When it came to question of clinical effectiveness, most psychoanalysts have tried to have it both ways.
On the one hand, they tout their medical or paramedical credentials. On the other, they insist that they are only offering knowledge and understanding, insight and awareness.
They will say, as Lacan once did, that if a patient in psychoanalysis gets better, it is a fortunate accident. Insight is nice, but it neither treats nor cures.
Of course, Lacan was not telling his followers to toss their Freud books in the poubelle. He wanted psychoanalysis to fulfill its destiny by becoming an instrument of cultural revolution and thought reform. He wanted to lead psychoanalysis out of the clinic and into the cultural arena.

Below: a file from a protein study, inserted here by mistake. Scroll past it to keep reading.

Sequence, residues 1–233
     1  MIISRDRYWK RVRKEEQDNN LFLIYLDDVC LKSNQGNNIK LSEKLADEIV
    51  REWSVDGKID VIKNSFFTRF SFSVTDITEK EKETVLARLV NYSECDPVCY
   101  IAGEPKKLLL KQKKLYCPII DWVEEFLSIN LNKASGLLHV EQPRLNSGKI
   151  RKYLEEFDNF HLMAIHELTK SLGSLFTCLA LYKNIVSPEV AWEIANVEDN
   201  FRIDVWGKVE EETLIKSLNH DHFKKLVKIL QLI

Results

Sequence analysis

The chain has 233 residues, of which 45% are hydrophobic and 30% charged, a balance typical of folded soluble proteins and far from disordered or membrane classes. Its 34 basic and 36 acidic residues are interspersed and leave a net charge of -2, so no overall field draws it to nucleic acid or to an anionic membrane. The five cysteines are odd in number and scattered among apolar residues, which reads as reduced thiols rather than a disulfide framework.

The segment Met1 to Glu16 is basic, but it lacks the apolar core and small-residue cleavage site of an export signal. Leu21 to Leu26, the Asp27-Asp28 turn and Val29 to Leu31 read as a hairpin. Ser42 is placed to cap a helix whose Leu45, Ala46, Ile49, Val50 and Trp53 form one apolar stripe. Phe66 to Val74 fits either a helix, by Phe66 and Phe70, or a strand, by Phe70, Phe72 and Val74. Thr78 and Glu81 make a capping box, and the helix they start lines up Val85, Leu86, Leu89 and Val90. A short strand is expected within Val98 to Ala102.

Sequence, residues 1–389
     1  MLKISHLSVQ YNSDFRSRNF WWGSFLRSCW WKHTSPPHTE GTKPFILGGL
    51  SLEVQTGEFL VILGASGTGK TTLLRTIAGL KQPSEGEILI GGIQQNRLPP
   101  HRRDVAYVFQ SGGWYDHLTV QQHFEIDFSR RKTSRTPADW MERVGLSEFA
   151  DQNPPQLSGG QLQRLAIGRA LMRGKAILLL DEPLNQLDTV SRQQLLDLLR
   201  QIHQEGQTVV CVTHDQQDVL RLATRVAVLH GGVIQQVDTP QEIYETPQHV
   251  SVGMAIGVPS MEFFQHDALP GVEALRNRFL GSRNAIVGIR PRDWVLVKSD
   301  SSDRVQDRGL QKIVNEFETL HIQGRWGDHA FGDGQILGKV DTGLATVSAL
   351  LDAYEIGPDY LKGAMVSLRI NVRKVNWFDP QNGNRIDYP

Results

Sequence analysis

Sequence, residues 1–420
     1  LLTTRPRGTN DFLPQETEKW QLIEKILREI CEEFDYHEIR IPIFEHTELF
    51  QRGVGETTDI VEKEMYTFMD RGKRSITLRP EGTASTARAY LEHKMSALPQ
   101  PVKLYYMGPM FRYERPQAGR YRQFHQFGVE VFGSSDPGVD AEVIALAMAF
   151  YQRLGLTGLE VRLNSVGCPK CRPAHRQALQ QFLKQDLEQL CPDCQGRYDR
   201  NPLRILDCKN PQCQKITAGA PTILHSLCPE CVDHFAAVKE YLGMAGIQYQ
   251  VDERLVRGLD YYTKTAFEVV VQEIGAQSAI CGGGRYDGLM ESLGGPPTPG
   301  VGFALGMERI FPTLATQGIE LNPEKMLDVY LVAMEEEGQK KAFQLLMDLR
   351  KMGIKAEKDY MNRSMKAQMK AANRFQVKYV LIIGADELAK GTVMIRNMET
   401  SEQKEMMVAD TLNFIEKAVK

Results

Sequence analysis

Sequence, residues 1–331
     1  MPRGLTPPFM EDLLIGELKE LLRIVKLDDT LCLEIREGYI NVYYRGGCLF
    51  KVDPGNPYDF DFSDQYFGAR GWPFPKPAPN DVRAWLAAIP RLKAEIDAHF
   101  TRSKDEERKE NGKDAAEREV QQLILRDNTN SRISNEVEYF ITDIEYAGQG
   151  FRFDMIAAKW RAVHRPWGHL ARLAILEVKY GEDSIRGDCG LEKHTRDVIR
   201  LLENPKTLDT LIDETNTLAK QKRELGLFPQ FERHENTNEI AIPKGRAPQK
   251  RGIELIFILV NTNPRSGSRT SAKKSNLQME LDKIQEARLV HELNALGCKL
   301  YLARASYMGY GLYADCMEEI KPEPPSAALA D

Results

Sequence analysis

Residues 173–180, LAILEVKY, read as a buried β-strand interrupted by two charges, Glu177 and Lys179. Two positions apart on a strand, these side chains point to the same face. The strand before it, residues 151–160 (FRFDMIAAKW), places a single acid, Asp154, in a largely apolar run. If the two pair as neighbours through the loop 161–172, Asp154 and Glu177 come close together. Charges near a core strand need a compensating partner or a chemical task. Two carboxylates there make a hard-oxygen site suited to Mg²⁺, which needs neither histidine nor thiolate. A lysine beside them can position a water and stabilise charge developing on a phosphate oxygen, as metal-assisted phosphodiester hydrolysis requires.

If psychoanalysis could not cure depression or anxiety, it would find a higher calling by curing civilization (Ger. Kultur) of its discontents. Taking up arms in the culture war was surely better than competing against medication and cognitive therapy.
A cynic might well imagine, more or less correctly, that Freudians needed to blame someone or something for their record of clinical failures. Wasn’t “civilization” a convenient target?
If Freudian psychoanalysis does not teach you how to shift the blame it has taught you nothing.
To make psychoanalysis a player in the culture wars, Lacan started talking about “the Freudian cause.” Rallying people to an ideological cause was surely safer than risking the future of Freudian theory on its ability to treat or cure mental illness.
Better yet, how do you adjudge the success or failure of civilizational transformation? We have a fairly clear idea of what a successful treatment produces; we have a far murkier idea of how to assess a cultural transformation.